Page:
Creating an Indigenous plant-use garden: resources from the bush
Climate Region: Arid | Temperate | Tropical
State or Territory: All States/Territories
Age Range: 13-18


When Jarrah and Adam went on their walk, they could see lots of plants used for food, fibre, medicines. Adam talked about the different parts of the plant that were eaten, and if it was the leaves, roots, flowers, fruits and or seeds. Jarrah was very interested and amazed at how much food was in the bush!

Jarrah then came across a beautiful large plump purple fruit on a small strappy plant. He was so excited and picked it and popped it in his mouth. He then spat it out. “Yuck!” he cried, “that was awful”.

Adam came over. “Jarrah, we don’t just go and eat any old fruit in the bush, some can be harmful. This one is what the women in our families used to dye their dilly bags but is not for eating. You’re lucky that it’s just awful tasting and not toxic like some fruits can be”.


For thousands of years, First Nations peoples across Australia have been using plants for many different purposes. Plants are used for food, fibre, shelter, medicine, tools and utensils, hunting, music and ceremony. Everything they needed to survive comes from the land.

To understand local perspectives and support these activities, we recommend reaching out to the local Traditional Owners and First Nations peoples who can assist in knowledge sharing and understanding local land, histories and culture. This is an important consideration to ensure that any reconciliation initiatives are being driven in a local, meaningful way.

This learning activity is the first part of a sequence of 6 individual learning activities focused on creating an Indigenous plant-use garden. The order of these learning activities are: resources from the bush, vision, plant list, site assessment, planting and harvesting.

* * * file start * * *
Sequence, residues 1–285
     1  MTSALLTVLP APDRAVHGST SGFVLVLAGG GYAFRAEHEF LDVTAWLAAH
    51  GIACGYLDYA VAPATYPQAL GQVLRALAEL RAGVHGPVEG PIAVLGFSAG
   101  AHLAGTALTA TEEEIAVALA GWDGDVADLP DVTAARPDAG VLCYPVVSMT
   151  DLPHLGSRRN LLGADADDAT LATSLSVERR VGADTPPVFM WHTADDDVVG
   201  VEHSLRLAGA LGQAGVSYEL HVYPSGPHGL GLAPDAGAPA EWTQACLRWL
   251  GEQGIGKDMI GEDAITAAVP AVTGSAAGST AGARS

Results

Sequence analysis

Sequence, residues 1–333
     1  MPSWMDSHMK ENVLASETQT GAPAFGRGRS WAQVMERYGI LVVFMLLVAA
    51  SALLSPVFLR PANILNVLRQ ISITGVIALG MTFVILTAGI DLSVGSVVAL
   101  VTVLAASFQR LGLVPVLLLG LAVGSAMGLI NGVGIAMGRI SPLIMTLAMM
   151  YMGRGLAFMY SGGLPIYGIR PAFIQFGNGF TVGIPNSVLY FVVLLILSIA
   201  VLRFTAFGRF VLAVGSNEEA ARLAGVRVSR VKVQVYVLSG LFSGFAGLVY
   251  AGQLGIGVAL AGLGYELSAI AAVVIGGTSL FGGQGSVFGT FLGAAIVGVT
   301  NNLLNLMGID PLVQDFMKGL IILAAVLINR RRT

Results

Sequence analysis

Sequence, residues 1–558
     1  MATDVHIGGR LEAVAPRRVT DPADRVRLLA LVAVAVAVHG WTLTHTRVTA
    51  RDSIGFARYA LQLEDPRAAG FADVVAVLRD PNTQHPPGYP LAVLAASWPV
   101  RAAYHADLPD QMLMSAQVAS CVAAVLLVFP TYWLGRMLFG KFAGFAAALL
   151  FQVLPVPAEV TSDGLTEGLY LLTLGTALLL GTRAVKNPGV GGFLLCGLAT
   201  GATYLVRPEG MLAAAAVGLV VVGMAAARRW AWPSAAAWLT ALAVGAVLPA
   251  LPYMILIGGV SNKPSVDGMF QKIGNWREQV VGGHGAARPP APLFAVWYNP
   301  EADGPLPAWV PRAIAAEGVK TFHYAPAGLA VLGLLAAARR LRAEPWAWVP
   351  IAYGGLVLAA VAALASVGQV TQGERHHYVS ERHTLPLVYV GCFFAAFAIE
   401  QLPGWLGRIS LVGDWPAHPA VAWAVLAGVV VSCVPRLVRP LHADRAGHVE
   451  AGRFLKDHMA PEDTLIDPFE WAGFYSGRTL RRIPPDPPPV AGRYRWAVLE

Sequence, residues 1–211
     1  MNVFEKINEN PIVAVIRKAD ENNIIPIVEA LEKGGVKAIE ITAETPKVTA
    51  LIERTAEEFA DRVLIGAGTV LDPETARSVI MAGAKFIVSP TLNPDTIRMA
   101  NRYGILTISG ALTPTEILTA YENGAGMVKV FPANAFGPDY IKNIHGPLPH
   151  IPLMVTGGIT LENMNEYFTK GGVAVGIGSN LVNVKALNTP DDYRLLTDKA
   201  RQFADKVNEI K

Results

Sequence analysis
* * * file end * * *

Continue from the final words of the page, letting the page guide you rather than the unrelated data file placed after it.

For children to:

  • appreciate the diverse range of plants that First Nations peoples across Australia use
  • explore the different ways that Indigenous plants are used, e.g. food, fibre, medicine, tools, utensils, ceremony and in everyday life
  • identify plants from their local area using plant guides.

This activity can be undertaken any time of the year, however it is important to remember that the reproductive cycle of plants is dependent on the time of the year, and the climate zone of the area. You may like to repeat this activity at different times of the year to see the difference in the plants.

Did you know?

Flowers, stems, shoots, roots, fruits, seeds, nuts and leaves are all parts of an edible plant that may be eaten. Never eat plant material unless guided by an adult.

Did you know?

Edible leaves contain good minerals and vitamins that help our bodies remain healthy, warding of disease. Often leaves are processed into teas or tonics and utilised as medicines.

Did you know?

The roots of some plants can be harvested and are staple foods for the tribe and clan groups. These roots are full of starch providing energy and carbohydrates.

Did you know?

Flowers, stems, shoots, roots, fruits, seeds, nuts and leaves are all parts of an edible plant that may be eaten. Never eat plant material unless guided by an adult.

Why not try one of our other Junior Landcare learning activities?

Creating an Indigenous plant-use garden: plant list

First Nations Perspectives

Love Letters to the Land

Biodiversity|First Nations Perspectives|Food Production|Waste Management

Creating a yarning circle: involving First Nations people

First Nations Perspectives

Creating a yarning circle: yarning circle activities

First Nations Perspectives